[ILUG] Interesting article
pj.wall at itcarlow.ie
Thu Apr 28 15:41:13 IST 2005
Niall O Broin wrote:
> On 28 Apr 2005, at 15:21, PJ Wall wrote:
>> Yep, I have no problems agreeing with you Niall, but I'm currently
>> researching a thesis in this area at the moment, and that is exactly
>> what a number of organisations are telling me.
>> We all have to remember that some decision makers in organisations
>> may not be aware of Open Source. I agree with you that this is NOT
>> an insurmountable obstacle as you say, but I also firmly believe that
>> it IS a pretty big one.
>> The incentives to go OSS are greatly diminished if a "critical" app
>> is not Windows compatible. Getting a similar app written can be
>> expensive and time consuming, and there are no guarantees that the
>> same functionality will be delivered. We all know about the
>> "software crisis" right?
>> All I'm saying I suppose is that I think organisations with limited
>> IT budgets (not to mention ROI considerations) are willing to put up
>> with all the expense, poor reliability, and hassle that proprietary
>> software brings, if the alternative is a switch to OSS that involves
>> uncertanty and writing new software from scratch.
> IMO what's happening here, in a lot of cases, is that Linux is gaining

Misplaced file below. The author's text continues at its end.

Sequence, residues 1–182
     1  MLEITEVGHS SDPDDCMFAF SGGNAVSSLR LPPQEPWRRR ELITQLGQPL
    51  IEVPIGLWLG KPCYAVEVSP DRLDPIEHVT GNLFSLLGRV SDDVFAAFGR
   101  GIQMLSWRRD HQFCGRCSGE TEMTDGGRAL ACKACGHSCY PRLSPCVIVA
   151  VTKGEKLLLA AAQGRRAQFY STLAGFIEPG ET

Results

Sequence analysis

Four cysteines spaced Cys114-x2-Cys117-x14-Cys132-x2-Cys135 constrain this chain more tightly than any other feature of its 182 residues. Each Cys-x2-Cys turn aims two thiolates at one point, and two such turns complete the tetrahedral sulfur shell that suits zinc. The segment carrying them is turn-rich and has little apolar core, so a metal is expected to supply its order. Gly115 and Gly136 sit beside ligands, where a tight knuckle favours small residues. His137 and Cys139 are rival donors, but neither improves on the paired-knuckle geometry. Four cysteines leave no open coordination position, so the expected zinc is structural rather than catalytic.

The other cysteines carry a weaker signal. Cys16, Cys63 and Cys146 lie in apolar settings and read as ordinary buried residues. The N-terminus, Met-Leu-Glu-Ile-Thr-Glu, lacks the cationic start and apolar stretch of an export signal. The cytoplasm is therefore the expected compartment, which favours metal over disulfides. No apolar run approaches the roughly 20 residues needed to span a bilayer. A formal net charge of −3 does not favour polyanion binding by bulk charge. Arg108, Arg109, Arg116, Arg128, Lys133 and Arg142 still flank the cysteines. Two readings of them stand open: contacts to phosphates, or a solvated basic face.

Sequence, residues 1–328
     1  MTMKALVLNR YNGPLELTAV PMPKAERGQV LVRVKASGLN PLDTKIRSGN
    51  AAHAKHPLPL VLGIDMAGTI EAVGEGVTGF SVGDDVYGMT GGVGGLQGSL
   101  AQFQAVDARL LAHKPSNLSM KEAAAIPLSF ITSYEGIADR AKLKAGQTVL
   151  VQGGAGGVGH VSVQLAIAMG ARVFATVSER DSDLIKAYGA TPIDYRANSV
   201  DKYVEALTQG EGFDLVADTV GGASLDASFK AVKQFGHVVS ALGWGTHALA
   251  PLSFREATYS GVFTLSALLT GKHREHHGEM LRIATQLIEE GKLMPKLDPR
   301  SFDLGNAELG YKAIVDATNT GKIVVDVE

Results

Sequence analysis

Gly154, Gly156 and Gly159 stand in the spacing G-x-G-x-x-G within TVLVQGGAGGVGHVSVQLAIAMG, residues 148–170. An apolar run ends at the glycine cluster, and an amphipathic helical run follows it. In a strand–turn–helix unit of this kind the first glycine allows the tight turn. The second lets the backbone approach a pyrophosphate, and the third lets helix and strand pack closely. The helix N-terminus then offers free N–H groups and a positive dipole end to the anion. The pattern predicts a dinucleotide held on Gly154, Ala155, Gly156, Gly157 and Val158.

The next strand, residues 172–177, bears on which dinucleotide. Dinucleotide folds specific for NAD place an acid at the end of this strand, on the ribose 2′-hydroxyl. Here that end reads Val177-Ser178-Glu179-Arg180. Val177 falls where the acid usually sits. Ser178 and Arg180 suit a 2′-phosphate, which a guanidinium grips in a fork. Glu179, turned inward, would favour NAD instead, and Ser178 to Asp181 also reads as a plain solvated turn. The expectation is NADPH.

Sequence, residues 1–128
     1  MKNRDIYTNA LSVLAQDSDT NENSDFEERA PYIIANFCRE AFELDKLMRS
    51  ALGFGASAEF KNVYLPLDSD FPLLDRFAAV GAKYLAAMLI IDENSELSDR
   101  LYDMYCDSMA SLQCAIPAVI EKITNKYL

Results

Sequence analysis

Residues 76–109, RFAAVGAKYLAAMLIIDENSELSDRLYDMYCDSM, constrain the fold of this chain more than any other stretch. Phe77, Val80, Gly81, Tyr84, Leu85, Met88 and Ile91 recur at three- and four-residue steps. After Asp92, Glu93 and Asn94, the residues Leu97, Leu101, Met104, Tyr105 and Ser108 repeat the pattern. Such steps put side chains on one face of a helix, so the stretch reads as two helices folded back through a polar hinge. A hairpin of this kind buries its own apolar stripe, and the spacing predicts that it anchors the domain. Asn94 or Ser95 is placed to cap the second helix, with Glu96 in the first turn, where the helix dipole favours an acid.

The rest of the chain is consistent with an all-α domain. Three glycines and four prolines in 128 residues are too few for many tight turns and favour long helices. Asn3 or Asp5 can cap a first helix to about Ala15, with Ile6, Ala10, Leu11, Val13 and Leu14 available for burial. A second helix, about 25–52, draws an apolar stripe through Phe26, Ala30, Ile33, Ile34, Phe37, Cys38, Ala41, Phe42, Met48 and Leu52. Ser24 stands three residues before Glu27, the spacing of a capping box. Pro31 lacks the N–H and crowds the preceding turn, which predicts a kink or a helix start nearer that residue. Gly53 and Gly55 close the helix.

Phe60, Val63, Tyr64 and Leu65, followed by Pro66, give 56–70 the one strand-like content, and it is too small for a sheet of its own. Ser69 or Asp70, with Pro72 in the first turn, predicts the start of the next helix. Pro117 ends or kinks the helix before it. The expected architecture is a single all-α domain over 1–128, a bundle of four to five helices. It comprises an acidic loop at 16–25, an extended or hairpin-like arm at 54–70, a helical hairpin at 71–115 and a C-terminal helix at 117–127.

> a lot of visibility, and senior people in organisations are musing
> "Hmm - maybe we could use that". They ask the question of their IT
> people who in many cases are diehard MS users and they seek something
> to reinforce their position so they say "We can't move to Linux
> because the XYZZY application is not Linux compatible" and as far as
> they're concerned, the monkey is off their back.
> Any organisation deploying IT solutions should be evaluating those
> solutions on a cost/benefit analysis basis, taking all factors into
> account. If they were to consider a switch to Linux, one of those
> factors would be say staff training costs, which for admin. staff
> might be quite high. However, it's an awful lot easier to simply say
> mention the XYZZY factor as above, and stay where you are, than to do
> a reasoned cost benefit analysis.
> Never underestimate the power of inertia as a determinant of human
Well said... I could not agree more.
This is a very accurate representation of what I am finding as I
continue researching this.
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